Self-Defeating Behavior II

When you get into a pattern of avoiding stress, you risk becoming weak, passive, and dependent on others; your self-esteem decreases as you become increasingly self-critical, and vulnerable to dysfunctions like depression. At this point, it may seem appropriate to resort to coping measures that you don’t realize are self-defeating and destructive. That is, your thoughts and actions damage your mental and physical well-being, and significantly reduce your quality of life. Therapist Michael Church has identified four self-destructive types, Direct-Active (See blog entry for November 5, 2021), Indirect-Active, Direct Passive, and Indirect-Passive. Let’s take a look at the Indirect-Active type. This type actively seeks and responds to situations by taking indirect action. Examples include excessive use and preoccupation with medical or psychiatric drugs to cope with problems, and a gallery of personality dysfunctions including paranoid, obsessive compulsive, borderline, and narcissistic tendencies.

            Don was raised in a family tradition of successful men. His father was a difficult and stern man, although highly respected in his community. He was well known and had status and influence. Don, a small and sensitive boy, was pretty much in awe of his father. His mom was a homemaker who stayed mostly in the background, but tried to be nurturant and supportive of her son. His dad could be tough on him, and they did not have a close relationship. Dad’s non-negotiable message was clear: “You will excel and stand out.” Don did so and matriculated at a prestigious college and then professional school where he completed an advanced degree. In college Don was not a partier. Quite the opposite, he was very obsessive, anxious, and a loner. He could be social when it came to advancing his status or opportunities, but having fun with the guys was not his cup of tea. His focus was always on meeting dad’s expectations to keep his own anxiety and self-doubts low.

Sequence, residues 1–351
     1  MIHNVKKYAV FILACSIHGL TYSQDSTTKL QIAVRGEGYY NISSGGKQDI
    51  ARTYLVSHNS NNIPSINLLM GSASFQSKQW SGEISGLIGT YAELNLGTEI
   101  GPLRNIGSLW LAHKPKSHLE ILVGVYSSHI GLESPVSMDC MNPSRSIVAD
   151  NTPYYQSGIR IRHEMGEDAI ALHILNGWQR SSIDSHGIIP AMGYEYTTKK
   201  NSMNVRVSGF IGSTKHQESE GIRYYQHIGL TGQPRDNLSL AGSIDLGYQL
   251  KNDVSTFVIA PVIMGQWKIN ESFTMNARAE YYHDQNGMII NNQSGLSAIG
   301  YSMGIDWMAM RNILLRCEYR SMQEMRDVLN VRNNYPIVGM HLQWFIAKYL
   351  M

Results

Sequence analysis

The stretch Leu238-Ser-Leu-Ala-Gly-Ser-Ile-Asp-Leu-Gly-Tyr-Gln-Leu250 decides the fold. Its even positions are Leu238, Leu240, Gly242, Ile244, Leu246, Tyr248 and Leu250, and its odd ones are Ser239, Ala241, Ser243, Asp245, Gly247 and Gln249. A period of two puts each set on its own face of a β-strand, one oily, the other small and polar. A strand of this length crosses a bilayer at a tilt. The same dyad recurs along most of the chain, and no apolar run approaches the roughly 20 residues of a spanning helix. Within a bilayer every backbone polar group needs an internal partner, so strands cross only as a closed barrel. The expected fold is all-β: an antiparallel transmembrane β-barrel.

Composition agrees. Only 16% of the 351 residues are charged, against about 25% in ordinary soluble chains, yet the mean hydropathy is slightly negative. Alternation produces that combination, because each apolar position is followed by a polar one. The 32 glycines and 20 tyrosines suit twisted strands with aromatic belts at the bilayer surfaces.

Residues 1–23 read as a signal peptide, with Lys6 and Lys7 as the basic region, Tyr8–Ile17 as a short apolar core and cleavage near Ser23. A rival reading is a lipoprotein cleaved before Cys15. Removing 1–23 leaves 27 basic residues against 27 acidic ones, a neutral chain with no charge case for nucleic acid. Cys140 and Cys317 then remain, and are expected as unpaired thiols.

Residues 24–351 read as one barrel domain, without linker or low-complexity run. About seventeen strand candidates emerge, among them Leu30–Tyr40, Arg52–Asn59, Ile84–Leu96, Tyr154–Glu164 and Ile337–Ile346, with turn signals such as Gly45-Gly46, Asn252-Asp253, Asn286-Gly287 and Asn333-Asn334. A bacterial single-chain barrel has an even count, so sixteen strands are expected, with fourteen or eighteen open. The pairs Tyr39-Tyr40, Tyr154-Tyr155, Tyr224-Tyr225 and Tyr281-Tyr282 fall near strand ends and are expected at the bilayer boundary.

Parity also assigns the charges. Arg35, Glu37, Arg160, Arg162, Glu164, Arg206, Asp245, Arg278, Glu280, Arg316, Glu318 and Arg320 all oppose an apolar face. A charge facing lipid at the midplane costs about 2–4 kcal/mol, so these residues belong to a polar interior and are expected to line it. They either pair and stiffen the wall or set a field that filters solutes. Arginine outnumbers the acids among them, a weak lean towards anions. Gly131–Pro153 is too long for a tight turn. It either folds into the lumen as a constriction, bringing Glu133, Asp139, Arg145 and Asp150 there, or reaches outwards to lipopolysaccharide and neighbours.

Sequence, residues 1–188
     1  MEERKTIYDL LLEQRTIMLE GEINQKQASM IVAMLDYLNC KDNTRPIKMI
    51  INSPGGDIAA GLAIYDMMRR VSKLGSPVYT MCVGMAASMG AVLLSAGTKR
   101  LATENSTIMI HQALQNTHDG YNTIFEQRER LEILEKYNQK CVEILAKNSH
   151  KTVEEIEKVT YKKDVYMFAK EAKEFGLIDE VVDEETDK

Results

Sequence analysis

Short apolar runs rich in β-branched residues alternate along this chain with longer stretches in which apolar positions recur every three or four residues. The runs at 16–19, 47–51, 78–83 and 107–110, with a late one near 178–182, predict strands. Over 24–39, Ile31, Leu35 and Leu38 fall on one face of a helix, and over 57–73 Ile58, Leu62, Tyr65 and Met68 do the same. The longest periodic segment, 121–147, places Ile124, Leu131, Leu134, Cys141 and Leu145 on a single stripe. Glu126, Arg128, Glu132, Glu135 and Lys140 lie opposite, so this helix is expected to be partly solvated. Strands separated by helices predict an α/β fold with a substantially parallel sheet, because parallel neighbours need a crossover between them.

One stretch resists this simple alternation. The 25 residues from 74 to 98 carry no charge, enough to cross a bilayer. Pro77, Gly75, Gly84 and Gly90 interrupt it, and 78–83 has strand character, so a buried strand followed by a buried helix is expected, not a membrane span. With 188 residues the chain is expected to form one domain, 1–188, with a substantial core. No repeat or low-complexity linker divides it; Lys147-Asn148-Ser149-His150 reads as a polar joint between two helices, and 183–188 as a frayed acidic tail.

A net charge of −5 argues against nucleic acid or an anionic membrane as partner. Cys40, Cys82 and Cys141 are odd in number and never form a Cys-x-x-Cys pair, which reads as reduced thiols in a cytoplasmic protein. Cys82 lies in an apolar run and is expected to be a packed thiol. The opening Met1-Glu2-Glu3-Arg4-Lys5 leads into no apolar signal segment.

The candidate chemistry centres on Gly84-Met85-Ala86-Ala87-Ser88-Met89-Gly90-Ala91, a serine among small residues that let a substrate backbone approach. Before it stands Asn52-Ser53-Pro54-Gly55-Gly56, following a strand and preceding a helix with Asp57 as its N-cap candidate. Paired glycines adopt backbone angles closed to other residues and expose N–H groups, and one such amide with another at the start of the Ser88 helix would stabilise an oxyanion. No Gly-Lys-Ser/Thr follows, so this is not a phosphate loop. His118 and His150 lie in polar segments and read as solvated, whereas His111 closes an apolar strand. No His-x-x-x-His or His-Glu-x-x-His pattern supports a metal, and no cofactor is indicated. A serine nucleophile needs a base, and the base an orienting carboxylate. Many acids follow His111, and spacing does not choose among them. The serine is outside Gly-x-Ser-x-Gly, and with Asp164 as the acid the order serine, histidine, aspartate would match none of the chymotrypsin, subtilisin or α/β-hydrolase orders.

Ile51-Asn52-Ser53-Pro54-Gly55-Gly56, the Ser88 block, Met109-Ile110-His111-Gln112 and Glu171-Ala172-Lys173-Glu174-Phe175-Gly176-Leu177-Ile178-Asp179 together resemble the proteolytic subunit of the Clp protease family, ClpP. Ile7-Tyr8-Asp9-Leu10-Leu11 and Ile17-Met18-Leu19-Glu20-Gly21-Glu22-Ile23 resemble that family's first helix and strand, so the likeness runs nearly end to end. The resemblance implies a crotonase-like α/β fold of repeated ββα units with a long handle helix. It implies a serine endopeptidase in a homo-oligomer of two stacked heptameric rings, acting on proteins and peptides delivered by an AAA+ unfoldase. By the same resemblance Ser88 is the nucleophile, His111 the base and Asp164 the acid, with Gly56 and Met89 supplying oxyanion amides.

After college Don married and they began a family. His wife was a stay-at-home mom who kept busy with domestic duties. Don worked hard and spent long hours at the office. What looked like ambition, however, was really an effort to avoid stressors. His anxiety, self-criticism, and avoidance tendencies increased significantly when unexpected expenses arose at home, and when he had to adjust to a new boss at work. His smoking increased, and he became progressively more distant from his family. He seldom attended any of his kids’ special events, such as sports competitions, even though he could have rearranged his work hours. He worked most weekends, and when he was home, he was usually unavailable for his kids. Self-defeating actions were slowly kicking in, and they were damaging the stability of his family.

            His physician prescribed anti-anxiety medications that he took for years, even though his diagnosis was never precisely clear. From a distance, it appeared he suffered from some type of anxiety disorder, with avoidant, dependent, and narcissistic personality features. However, he never confronted his core anxieties with a professional therapist; he just kept treating his symptoms. He did not exercise and had an unhealthy, high-sugar diet. This combination of his poor health habits and poor coping skills eventually led to significant health problems. His anxiety levels rose, he became indecisive and unsure about how to deal with both work and domestic responsibilities, and he started “disappearing” for hours at a time, or staying up late to be by himself.

            As time went on, Don suffered through three bypass surgeries and bladder cancer. His poor health habits continued, and his self-destructive tendencies remained largely unchanged. Don refused to face and accept the reality that he was alienated his family, and he never accepted that he had personality dysfunctions needing to be addressed in psychotherapy. Instead, he covered them up, like he did so many things in his life. Lacking responsible adult guidance, his children learned to be self-defeating in their own ways. All of them ended up in counseling trying to understand their coping deficits and how to overcome them. Before his death from multiple health problems, Don told his kids he was aware of his negative impact and poor parenting, but confessed he lacked the strength and motivation to overcome his self-defeating ways. Don’s sole purpose for living was designed to avoid stress and discomfort at all costs. In narcissistic fashion, he was concerned only with himself, and constantly preoccupied with running from negative experiences, even while knowing he was neither providing emotional support for his family, nor being a positive role model for his kids. The result not only destroyed him, but also inflicted devastating psychological damage on his family.  

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